His reporting on the National Security Agency (NSA) won numerous other awards around the world, including top investigative journalism prizes from the George Polk Award for National Security Reporting, the 2013 Online Journalism Awards, the Esso Award for Excellence in Reporting in Brazil for his articles in O Globo on NSA mass surveillance of Brazilians (becoming the first foreigner to win the award), the 2013 Libertad de Expresion Internacional award from Argentinian magazine  Perfil, and the 2013 Pioneer Award from the Electronic Frontier Foundation.
Greenwald lives in Rio de Janeiro, Brazil, the hometown of his partner, David Michael Miranda. Greenwald has said his residence in Brazil was the result of an American law, the Defense of Marriage Act, barring federal recognition of same-sex marriages, which prevented his partner from receiving a visa to reside in the United States with him.

Via Daily Dharma: Paying Attention Changes the World

Attention changes what kind of a thing comes into being for us: in that way it changes the world.

—Iain McGilchrist, “Examining Attention

Via Daily Dharma: Paying Attention Changes the World

Attention changes what kind of a thing comes into being for us: in that way it changes the world.

—Iain McGilchrist, “Examining Attention

Thursday, March 5, 2020

Via Daily Dharma: What Makes an Enlightened Life?

If I had to summarize the entirety of an enlightened
person’s life in a few words,
it would be complete acceptance of what is.
As we accept what is, our minds are relaxed
and composed
while the world changes rapidly around us.


—Haemin Sunim, “The Things You Can See Only When You Slow Down

Wednesday, March 4, 2020

Via Daily Dharma: Interconnection All Around Us

When we just say, “I am,” and open our eyes around us, we intuitively see that others are also included in “I am.”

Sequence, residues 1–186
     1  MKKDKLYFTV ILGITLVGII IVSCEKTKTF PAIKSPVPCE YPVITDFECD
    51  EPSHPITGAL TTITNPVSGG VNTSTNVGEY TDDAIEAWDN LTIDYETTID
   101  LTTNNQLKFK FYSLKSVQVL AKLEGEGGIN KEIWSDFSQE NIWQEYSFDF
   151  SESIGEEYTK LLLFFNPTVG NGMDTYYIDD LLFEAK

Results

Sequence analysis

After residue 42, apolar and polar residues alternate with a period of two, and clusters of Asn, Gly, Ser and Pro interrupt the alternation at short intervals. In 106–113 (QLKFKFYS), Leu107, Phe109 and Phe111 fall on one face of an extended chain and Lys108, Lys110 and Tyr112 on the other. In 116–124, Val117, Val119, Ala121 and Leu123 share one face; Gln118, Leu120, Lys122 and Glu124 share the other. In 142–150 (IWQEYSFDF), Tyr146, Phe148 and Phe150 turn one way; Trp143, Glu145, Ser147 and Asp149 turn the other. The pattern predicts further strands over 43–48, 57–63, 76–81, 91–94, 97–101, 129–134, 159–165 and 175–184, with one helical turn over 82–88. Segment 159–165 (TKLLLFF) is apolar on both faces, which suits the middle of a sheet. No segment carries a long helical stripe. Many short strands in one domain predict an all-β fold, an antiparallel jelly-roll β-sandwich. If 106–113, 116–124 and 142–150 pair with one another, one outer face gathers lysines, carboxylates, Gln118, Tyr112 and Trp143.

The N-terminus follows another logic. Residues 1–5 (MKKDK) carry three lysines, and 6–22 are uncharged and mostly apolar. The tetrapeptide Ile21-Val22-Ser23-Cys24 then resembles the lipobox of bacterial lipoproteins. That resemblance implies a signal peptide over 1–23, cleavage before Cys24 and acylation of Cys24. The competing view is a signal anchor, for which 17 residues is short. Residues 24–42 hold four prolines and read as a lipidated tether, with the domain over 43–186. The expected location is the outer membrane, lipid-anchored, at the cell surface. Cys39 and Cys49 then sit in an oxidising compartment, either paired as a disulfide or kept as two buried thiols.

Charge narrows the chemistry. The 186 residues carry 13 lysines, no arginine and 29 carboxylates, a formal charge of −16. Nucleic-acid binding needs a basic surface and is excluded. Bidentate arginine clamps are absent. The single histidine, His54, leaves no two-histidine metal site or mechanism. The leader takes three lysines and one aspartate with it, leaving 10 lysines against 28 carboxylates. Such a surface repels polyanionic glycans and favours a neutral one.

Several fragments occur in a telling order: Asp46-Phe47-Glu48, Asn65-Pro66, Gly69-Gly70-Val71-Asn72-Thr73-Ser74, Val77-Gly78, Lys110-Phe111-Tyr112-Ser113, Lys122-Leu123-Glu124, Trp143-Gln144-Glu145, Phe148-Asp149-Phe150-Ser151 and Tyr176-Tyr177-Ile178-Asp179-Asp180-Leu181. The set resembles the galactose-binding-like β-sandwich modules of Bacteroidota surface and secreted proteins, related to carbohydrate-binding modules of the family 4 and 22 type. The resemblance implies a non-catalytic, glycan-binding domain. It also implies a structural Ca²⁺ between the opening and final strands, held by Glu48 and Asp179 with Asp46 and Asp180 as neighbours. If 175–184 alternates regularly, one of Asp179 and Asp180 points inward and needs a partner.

—Ruben L. F. Habito, “Be Still & Know

Via Ram Dass - Love Serve Remember Foundation / Words of Wisdom - March 4, 2020 💌


There is a being on another plane that guides, protects, and helps you. That loves you so incredibly. Does your sense of unworthiness prevent you from being loved as much as this being loves you? Unworthiness has to go. You have to be able to say, "Christ, God, Baba, let me feel your love. Let me fill up with your love, let me be absorbed into your love."

Breathe in and out of your heart; with each in-breath, you take in that love a little more. With each out-breath, you get rid of that which keeps you from acknowledging that you are love.

- Ram Dass -

Tuesday, March 3, 2020

ANY DEM WILL DO! - A Randy Rainbow Song Parody


Via LionsRoar / Steadfast in the Midst of Samsara

Self-Immolation,” 2012 by Tashi Norbu. www.tashinorbu.com

Shinshu Roberts examines the suffering inherent in the bodhisattva path, what Dogen referred to as being “the blue lotus in the flame.” From the Spring 2020 issue of Buddhadharma: The Practitioner’s Quarterly.

In 1243, Eihei Dogen, the thirteenth-century founder of Soto Zen in Japan, wrote in his evocative Kuge (“Flowers of Emptiness”) that “the time and place that the blue lotus flowers open and spread are in the midst of fire and in the time of fire” (Gudo Nishijima and Chodo Cross, Master Dogen’s Shobogenzo). Dogen lived in a time of political uncertainty, violent weather, and cultural change. Perhaps these difficulties inspired Dogen to take up the poetic image of a blue lotus—associated with practice–realization—blooming within the fire of samsara.

 


Via Daily Dharma: Making Space to Respond with Intention

If we cultivate awareness enough to step back a bit from simply reacting, we can insert a gap or a pause before being carried away. In that little gap there is the freedom to respond in a fresh way, less predetermined.

—Judy Lief, “Train Your Mind: Don’t Be So Predictable

Monday, March 2, 2020

Via Daily Dharma: Focus on Kindness

When our minds become convinced that we’ve been the recipients of a a tremendous amount of kindness in our lives, the wish to speak ill of others vanishes.

—Ven. Thubten Chodron, “The Truth About Gossip

Sunday, March 1, 2020

BR 9+ 0:02 / 4:22 Sergio Mendes feat. Black Eyed Peas - Mas Que Nada


Via Daily Dharma: How to Gain Wisdom

We attain wisdom not by creating ideals but by learning to see things clearly, as they are.

—Jack Kornfield, “Theravada Vipassana Practice

Via Ram Dass - Love Serve Remember Foundation / Words of Wisdom - March 1, 2020 💌





The Living Spirit, the Beloved, is always right here. It is merely your mind that prevents you from acknowledging its existence. The minute you quiet your mind or open your heart so that it draws your mind along with it, only then do you rend the veil and see that the Beloved is right there.

- Ram Dass -